• Mahesh Swaminathan, 
  • Ibrahim Dalhatu, 
  • Dennis Onotu, 
  • Oseni Abiri, 
  • Henry Debem
PLOS
x

Abstract

Background

With about 3.4 million HIV-infected persons, Nigeria has the second highest number of people living with HIV (PLHIV) in the world. However, antiretroviral treatment (ART) coverage in Nigeria remains low with only 748,846 (22%) of PLHIV on ART by the end of 2014. Retention of HIV-infected patients in pre-ART care is essential to ensure timely ART initiation. We assessed outcomes of patients enrolled in Nigeria’s pre-ART program during 2004–2012.

Methods

We conducted a nationally representative retrospective cohort study among adults (≥15 years old), enrolling in pre-ART programs supported by the U.S. President’s Emergency Plan for AIDS Relief in Nigeria. A total of 35 sites enrolling ≥50 patients in pre-ART were selected using probability proportional-to-size sampling; 2,415 eligible medical records at these sites were randomly selected for abstraction. Determinants of loss to follow-up (LTFU) and mortality during pre-ART care were estimated using Cox proportional hazards regression models.

Results

The median age at enrollment was 32 years (interquartile range (IQR) 27–40). A total of 1,216 (51.4%) initiated ART by the time of data abstraction. Among the remaining 1,199 patients, 898 (74.9%) had been LTFU, 180 (15.0%) were alive and in pre-ART care, 71 (5.9%) had died, 50 (4.2%) had transferred out or stopped care. Baseline markers of advanced disease, including weight <45 kg (adjusted hazard ration (AHR) = 4.23; 95% confidence interval (CI): 1.51–15.58) and more advanced WHO disease stage, were predictive of pre-ART mortality. Compared with patients aged 15–24, patients aged 35–44 (AHR = 0.67; 95% CI: 1.0.47–0.95) and age 45–54 (AHR = 0.66; 95% CI: 0.48–0.91) had lower LTFU rates. Compared with attending facilities in North Central geopolitical zone, attending facility locations in South East (AHR = 0.44; 95% CI: 0.24–0.83) was protective against LTFU.

Conclusions

About half of patients enrolling in HIV program during 2004–2012 in Nigeria had not initiated ART by 2013. Key strategies to improve early ART initiation among pre-ART enrollees include implementation of the WHO test and treat guidelines, earlier HIV testing, and better monitoring to improve ART initiation rates. Further research to understand regional variations in pre-ART outcomes is warranted.

Introduction

Despite the changes in the antiretroviral therapy (ART) eligibility criteria over the last several years, which allow patients to be initiated on ART at relatively higher CD4 counts[16], the majority of patients in resource-limited settings who are starting ART continue to do so at lower CD4 counts, which is associated with higher morbidity and mortality[710]. There are many factors that account for late ART initiation, including late diagnosis of HIV, poor linkages to HIV care, delayed assessment for ART eligibility through CD4 testing or clinical staging, delayed initiation of ART for patients who are eligible, missed opportunities to identify ART-eligible patients through ongoing monitoring of patients found initially ineligible for ART, and poor retention of patients in pre-ART care [1014].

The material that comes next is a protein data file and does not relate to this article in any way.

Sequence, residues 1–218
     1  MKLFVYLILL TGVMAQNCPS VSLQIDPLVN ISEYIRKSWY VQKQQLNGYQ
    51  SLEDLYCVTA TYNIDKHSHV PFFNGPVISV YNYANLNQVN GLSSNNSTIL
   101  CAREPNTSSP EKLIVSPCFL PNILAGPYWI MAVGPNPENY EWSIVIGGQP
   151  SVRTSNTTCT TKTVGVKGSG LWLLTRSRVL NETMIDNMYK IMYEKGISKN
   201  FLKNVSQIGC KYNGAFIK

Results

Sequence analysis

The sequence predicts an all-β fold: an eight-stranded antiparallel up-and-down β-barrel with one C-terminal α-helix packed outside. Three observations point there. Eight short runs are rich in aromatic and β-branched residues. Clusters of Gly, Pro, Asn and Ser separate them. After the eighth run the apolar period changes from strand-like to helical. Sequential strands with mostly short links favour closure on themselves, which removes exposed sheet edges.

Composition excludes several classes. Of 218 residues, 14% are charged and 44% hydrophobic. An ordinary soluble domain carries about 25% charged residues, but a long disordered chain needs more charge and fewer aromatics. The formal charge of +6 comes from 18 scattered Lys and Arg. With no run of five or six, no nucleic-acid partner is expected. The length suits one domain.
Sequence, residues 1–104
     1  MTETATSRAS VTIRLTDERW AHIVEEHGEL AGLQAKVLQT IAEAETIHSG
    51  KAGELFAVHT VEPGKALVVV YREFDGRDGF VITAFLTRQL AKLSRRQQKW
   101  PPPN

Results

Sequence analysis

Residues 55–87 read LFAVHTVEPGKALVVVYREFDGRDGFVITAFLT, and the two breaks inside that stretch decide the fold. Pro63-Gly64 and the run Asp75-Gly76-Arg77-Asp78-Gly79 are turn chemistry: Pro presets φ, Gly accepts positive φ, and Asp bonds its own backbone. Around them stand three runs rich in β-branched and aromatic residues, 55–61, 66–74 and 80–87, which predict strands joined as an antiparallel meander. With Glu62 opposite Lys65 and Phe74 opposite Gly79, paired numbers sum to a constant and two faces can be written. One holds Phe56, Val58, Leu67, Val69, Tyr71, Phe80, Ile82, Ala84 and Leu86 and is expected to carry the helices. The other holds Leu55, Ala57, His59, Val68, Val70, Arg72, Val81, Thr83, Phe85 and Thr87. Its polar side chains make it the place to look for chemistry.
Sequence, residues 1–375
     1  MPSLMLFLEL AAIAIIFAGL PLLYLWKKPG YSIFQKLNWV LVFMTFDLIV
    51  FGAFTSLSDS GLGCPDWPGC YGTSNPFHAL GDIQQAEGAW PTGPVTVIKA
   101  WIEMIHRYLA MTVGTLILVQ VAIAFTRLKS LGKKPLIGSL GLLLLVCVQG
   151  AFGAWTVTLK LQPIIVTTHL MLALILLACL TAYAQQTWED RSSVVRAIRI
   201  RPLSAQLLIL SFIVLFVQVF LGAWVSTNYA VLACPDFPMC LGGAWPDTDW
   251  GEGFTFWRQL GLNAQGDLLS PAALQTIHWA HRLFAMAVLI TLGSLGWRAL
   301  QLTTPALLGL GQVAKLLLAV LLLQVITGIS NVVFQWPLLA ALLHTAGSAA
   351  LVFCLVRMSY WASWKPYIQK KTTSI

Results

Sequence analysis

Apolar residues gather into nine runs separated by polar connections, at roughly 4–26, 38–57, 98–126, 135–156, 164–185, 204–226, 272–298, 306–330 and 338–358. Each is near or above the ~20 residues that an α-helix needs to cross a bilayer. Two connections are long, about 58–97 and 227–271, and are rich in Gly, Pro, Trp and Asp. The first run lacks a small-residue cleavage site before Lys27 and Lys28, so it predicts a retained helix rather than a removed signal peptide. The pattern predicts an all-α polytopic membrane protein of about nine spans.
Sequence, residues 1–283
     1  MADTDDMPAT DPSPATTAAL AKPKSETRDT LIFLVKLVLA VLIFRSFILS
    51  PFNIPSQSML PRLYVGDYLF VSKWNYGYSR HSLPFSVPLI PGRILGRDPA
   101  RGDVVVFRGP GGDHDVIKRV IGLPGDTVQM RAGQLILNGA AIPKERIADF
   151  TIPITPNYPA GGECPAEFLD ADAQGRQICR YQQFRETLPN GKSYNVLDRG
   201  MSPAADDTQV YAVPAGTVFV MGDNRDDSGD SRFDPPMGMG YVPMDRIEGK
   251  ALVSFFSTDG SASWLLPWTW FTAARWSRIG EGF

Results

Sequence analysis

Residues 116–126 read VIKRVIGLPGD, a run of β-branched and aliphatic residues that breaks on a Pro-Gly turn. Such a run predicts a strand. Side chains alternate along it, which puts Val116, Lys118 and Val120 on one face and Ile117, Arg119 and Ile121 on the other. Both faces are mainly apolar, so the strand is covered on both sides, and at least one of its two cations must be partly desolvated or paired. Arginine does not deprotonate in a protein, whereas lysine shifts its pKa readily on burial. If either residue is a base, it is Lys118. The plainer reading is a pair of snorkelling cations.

Several studies from resource-limited settings have reported high rates of loss to follow-up (LTFU) and death after HIV diagnosis and before ART initiation [7, 1114]. In a systematic review of retention in pre-ART care in sub-Saharan Africa, Plazy and colleagues found that up to 76% of patients who are not eligible for ART based on pre-ART CD4 testing at the HIV clinic are LTFU within the next 12 months[14].

Nigeria, with the second largest number of people living with HIV in the world, has one of the lowest ART coverage rates in the region; less than 25% (748,846) of the 3.4 million people living with HIV (PLHIV) in Nigeria were on ART by the end of 2014[15]. While limited HIV testing and poor linkage to treatment for those diagnosed HIV-positive contribute to low ART coverage, it is also likely that patients enrolled in care, who meet treatment eligibility, are not being initiated on ART[16]. We assessed the outcomes of patients enrolled in care at all sites supported by the U.S. President’s Emergency Plan for AIDS Relief (PEPFAR) throughout Nigeria during 2004–2012. PEPFAR supported the majority of HIV care and treatment sites in Nigeria during the evaluation period.